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Guidelines and Eligibility

What is the purpose of this program?

  1. To encourage and support civic engagement and the work of neighborhood association members who are committed to improving the quality of life in their neighborhood and their city through their volunteer efforts.
  2. To promote resident participation and resident leadership in neighborhood associations.
  3. To invest in and build on the existing strengths and assets of neighborhoods.
  4. To demonstrate through this program how Neighborhood Partnerships can effectively support neighborhoods.

How would a Neighborhood Association qualify to apply for a grant?

  1. Neighborhood leaders must have graduated from Neighborhood Leadership Training (NLT) and live in the applying neighborhood association's boundaries. At least one leader must attend Neighborhood Leadership Council (NLC) meetings.
  2. At least one Neighborhood Leadership Council member must attend the annual grant application workshop.
  3. Grants are for resident-led Neighborhood Associations (NA) operating with elected officers. At least one NLC member must serve on the Board at all times. The NA must conduct at least eight meetings per year. Monthly meetings are encouraged. All projects must be specific to the geographical area defined as the NA.
  4. Grant dollars not used during a grant cycle will not be carried over unless you have written authorization.
  5. Funds cannot be used for projects that primarily benefit a church.
  6. Funds cannot pay for staff.
  7. Beautification projects that clean or clear an area of trash, graffiti or unsightly conditions that detract from the neighborhood's appearance are encouraged. Permanent fixtures, (i.e. trashcans), must be installed on public property.
  8. Landscaping projects must be permanent improvements to the area. (i.e. shrubs/trees)
  9. Neighborhood associations must successfully complete two NPGP Phase I Neighborhood Grant applications in two consecutive years before applying for a Phase II Grant. During this time the NA Chairman must be a NLT Graduate and NLC member.
  10. Neighborhood associations may apply for 501(c)(3) status if they so desire. If using a fiscal sponsor instead, you must have your fiscal sponsor complete the Fiscal Sponsorship Agreement and provide a copy of their (the fiscal sponsor's) most recent IRS letter indicating 501(c)3 tax-exempt status.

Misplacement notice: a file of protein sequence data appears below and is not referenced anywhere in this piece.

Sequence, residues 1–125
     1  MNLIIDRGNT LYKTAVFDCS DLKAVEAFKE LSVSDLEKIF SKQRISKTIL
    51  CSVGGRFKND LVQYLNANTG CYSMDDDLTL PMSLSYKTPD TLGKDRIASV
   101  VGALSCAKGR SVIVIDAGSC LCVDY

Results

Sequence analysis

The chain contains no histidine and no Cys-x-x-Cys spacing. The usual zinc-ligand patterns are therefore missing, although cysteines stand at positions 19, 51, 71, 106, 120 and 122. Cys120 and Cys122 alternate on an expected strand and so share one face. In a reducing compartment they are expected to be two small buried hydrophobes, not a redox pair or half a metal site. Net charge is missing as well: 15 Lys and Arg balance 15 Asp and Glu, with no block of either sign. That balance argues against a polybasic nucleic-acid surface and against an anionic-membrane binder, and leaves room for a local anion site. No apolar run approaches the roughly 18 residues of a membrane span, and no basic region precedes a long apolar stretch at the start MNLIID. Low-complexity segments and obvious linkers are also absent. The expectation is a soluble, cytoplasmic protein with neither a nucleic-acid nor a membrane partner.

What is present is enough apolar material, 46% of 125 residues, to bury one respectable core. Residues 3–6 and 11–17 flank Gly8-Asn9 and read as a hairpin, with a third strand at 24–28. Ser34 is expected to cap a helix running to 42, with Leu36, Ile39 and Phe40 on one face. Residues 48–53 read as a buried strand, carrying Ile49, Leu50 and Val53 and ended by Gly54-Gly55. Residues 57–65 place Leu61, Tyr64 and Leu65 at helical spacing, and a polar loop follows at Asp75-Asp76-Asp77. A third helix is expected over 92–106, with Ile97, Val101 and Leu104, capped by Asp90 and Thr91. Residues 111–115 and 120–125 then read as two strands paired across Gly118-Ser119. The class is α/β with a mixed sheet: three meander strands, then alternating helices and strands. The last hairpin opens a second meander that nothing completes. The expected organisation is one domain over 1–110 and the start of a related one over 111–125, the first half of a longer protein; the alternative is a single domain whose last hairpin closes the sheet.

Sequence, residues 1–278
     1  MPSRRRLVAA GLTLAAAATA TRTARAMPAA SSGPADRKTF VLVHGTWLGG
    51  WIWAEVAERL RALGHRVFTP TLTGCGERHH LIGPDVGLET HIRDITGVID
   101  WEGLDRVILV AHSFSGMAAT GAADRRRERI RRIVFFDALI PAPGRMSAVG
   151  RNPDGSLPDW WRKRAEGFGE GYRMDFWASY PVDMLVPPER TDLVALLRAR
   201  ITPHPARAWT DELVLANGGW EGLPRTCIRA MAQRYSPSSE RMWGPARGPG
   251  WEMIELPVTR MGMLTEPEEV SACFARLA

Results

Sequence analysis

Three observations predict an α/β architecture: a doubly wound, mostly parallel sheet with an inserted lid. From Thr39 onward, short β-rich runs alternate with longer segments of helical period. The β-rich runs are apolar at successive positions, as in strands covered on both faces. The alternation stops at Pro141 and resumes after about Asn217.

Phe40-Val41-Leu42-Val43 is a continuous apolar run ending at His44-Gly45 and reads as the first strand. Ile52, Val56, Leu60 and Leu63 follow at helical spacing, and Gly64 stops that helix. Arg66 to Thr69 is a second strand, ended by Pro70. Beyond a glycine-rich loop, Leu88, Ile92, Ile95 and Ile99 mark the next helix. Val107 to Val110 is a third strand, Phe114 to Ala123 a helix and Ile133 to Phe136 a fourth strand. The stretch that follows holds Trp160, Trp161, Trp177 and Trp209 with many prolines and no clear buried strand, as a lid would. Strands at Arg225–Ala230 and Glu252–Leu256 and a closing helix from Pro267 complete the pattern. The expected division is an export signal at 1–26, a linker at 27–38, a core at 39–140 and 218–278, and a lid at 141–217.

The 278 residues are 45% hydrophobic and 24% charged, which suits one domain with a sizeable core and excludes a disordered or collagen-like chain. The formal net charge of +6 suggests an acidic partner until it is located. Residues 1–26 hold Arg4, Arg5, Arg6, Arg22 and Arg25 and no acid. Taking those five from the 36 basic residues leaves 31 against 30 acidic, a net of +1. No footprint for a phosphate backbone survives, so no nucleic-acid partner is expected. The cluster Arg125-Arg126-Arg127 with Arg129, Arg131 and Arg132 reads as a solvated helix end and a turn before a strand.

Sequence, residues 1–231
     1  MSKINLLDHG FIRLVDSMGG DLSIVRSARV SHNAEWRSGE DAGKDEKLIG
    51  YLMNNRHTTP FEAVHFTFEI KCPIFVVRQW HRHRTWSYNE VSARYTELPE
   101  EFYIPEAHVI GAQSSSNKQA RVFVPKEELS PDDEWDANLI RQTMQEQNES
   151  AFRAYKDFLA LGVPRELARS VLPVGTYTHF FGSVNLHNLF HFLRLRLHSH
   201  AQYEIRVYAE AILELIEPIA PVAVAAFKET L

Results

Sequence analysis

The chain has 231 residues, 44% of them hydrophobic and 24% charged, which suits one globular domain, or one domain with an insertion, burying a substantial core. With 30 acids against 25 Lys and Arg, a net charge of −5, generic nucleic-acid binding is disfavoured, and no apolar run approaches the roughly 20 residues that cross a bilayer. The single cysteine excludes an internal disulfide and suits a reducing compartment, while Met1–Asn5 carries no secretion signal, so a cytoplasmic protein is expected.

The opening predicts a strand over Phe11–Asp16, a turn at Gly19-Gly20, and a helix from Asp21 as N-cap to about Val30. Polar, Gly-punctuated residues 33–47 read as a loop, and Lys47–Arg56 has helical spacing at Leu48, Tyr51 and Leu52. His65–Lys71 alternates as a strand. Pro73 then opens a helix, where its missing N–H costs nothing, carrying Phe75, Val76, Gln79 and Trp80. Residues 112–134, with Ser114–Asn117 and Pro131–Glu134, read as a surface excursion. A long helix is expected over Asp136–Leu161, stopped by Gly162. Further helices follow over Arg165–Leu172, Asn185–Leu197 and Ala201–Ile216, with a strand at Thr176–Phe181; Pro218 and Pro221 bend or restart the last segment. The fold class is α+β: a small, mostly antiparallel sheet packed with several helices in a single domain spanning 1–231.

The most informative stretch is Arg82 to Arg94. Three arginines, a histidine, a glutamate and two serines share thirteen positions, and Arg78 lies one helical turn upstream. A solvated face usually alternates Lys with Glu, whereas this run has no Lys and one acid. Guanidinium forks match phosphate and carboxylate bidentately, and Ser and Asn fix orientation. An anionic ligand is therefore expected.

11. Supplies/Equipment/Tool Projects may address blight/slum conditions (i.e. overgrown, unmaintained property as identified and agreed upon by neighborhood residents), with permission, on property that is unmaintained due to inability of property owner to maintain (i.e. disabled, elderly or disadvantaged property owner). A "tool" project must be accessible to neighborhood residents and be controlled and maintained by the neighborhood association. Projects involving equipment/ tools must be planned in coordination with the association's ability to complete the projects.
  12. Neighborhood association leaders must be available to discuss the grant application with Foundation staff, and answer any questions concerning the project if deemed necessary. This meeting may take place at Stark Community Foundation or in your neighborhood. You will receive a phone call to set up a time for the interview.

Examples of Possible Projects

Neighborhood Meetings/Organizing

Neighborhood Strategizing

Neighborhood Surveys

A Neighborhood Directory


Neighborhood Identification

Neighborhood Newsletters

Neighborhood Gardens

Neighborhood History Documentation

Submission of a grant application does not guarantee that the request will be approved. Grants are awarded via a competitive process. The NPGP reserves the right to make changes to these guidelines and eligibility requirements. The NPGP Committee reserves the right to determine/adjust the amount of funding to be awarded to the neighborhood association.

If you have questions please contact Marilyn Thomas Jones at Stark Community Foundation, 330-454-3426 or mtjones@starkcf.org




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